The next set of papers include mentoring models that address a specific need in the context of training graduate students and in turn lead to meaningful mentoring experiences across levels of the inquiry team. One team (Carroll, Richards and Lisic) describe a serendipitous model created in their discipline that started as a traditional laboratory model of mentoring transformed into a curricular model creating a dynamic mentoring process across time and contexts. They discuss the evolution of designing a curricular model of mentoring research into a research methods class. This includes a structured assessment taking the best practices of a traditional model and infusing into a curricular structure. In a similar disciplinary model, the next contribution (Mabrouk) presents a new model of graduate mentor training in support of undergraduate research at a Research Intensive University. Satisfaction and efficacy findings are discussed for this mutual mentor-protégé model of mentoring which is powerful in this context. In a vastly different context, a scaffolded mentor-protégé model was used in an online format (Kalel, Grijalva, and Brown) to provide opportunities for mentor-protégé teams to develop across branch campuses of a university. They discuss the utility of this creative online model to potentially increase access to mentored undergraduate research experiences in underrepresented populations.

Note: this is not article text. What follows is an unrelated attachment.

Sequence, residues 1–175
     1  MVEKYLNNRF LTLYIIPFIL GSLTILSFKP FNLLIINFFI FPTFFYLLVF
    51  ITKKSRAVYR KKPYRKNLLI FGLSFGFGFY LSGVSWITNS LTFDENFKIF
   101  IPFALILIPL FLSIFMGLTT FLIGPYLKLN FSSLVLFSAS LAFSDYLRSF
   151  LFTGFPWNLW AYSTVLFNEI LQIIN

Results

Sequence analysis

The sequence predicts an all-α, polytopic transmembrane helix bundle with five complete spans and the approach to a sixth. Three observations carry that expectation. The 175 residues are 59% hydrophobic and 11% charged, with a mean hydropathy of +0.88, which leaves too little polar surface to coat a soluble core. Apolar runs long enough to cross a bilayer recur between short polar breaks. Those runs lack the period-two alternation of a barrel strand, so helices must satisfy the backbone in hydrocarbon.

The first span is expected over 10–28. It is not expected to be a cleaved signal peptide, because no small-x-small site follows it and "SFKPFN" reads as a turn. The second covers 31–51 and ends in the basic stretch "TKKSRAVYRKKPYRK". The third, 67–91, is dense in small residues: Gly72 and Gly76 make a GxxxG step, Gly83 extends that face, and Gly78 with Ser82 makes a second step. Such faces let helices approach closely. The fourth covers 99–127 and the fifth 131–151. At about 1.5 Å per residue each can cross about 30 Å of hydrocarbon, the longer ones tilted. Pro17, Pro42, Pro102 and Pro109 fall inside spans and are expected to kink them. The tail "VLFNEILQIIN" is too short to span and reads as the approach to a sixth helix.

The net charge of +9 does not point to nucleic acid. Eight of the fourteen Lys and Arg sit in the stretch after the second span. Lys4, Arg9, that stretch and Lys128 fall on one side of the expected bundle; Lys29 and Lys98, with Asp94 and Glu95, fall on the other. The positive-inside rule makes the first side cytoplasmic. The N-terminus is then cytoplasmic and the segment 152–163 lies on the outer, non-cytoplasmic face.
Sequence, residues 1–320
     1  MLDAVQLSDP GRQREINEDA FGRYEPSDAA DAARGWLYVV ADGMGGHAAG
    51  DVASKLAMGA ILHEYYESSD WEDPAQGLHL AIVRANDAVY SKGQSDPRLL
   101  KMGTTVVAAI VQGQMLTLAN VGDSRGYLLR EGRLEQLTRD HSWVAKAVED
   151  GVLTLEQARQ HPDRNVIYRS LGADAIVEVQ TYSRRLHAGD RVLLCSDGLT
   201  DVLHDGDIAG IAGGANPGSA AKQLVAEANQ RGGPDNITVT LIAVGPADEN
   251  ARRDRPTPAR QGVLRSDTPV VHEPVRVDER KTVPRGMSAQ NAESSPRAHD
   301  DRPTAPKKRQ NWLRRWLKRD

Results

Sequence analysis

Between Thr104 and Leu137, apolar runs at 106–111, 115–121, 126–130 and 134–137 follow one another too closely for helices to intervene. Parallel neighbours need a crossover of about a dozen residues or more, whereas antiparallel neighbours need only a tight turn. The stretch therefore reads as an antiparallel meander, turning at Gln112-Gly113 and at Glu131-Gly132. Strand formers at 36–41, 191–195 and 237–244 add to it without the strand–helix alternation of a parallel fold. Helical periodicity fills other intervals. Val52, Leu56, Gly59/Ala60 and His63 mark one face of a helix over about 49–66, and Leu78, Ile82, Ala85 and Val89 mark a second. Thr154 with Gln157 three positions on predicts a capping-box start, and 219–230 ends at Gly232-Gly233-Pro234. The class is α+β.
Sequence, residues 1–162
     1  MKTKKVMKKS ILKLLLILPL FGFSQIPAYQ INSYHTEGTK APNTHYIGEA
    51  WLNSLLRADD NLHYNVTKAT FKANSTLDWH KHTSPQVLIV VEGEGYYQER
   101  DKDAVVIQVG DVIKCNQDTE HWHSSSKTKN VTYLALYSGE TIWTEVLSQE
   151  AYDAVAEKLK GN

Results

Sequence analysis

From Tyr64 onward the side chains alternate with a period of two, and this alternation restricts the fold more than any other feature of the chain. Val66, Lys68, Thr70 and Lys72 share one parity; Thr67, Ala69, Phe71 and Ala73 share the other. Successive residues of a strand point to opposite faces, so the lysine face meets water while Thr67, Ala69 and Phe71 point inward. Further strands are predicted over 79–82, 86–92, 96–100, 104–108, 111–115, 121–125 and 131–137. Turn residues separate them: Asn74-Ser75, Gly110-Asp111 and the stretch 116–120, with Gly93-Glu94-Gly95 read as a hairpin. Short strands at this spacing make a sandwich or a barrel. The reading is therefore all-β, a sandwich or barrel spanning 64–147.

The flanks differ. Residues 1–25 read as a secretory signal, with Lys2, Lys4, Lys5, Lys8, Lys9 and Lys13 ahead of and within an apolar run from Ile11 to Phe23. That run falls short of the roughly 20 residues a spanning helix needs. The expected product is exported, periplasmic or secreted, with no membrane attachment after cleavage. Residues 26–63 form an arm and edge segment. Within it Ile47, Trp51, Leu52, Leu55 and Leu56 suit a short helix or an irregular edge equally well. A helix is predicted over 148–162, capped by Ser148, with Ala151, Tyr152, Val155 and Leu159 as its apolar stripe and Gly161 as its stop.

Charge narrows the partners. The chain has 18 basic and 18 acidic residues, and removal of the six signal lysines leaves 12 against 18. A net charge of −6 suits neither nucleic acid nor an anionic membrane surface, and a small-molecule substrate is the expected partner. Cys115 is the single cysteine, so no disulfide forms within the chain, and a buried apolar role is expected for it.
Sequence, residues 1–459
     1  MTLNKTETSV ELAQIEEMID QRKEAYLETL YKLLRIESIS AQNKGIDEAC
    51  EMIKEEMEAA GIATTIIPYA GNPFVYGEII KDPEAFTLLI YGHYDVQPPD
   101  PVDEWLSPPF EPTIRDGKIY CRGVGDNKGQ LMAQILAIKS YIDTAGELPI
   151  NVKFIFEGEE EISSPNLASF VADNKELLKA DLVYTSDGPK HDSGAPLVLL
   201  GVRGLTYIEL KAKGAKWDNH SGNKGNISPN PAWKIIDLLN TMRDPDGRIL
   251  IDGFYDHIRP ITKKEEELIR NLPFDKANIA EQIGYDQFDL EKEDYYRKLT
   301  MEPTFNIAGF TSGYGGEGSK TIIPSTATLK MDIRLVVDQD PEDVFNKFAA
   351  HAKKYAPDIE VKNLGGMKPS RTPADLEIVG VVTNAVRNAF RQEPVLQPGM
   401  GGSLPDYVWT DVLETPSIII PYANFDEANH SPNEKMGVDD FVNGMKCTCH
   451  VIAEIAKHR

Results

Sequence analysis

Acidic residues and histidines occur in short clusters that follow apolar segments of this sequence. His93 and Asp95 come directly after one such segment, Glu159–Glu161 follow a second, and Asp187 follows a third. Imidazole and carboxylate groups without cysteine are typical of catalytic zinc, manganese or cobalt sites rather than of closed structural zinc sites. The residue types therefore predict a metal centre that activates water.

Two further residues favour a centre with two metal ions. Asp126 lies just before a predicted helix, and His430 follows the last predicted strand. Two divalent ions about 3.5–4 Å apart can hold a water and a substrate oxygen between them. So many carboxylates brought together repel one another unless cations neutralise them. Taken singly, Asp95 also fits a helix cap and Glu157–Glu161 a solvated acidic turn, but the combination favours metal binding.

Finally two papers push the mentoring model context into a peer structure where students learn expertise and skills that enable them to serve as mentors of scholarly inquiry for peers with undeveloped expertise in the topic and/or field. The first paper using this model (Cundra, Benzal, Schwabeck) describes a one-room schoolhouse summer research kick-off experience which included an intense 3-week peer-mentoring model of undergraduate research. This structure matched talented high school students with undergraduate students to create teams to develop a research question and a feasible plan to be carried out beyond the summer course experience. This was a unique model that was used to spearhead mentored lines of inquiry, utilizing expertise intensely for a short period of time and then allowing the peer mentored teams to carry on work beyond. The final paper (Lewis and Jacobs) pushes the undergraduate research model to the limits of what most might consider mentored scholarly inquiry, particularly because the method of inquiry is not a traditional research method: digital storytelling. The authors highlight how the experience of learning digital storytelling through multiple courses developed into an opportunity to use these skills of inquiry in a curricular context. Specifically, one author, after being the mentee, moved to the mentor role for students engaged in how to effectively use the digital storytelling model in a safe space of a classroom experience.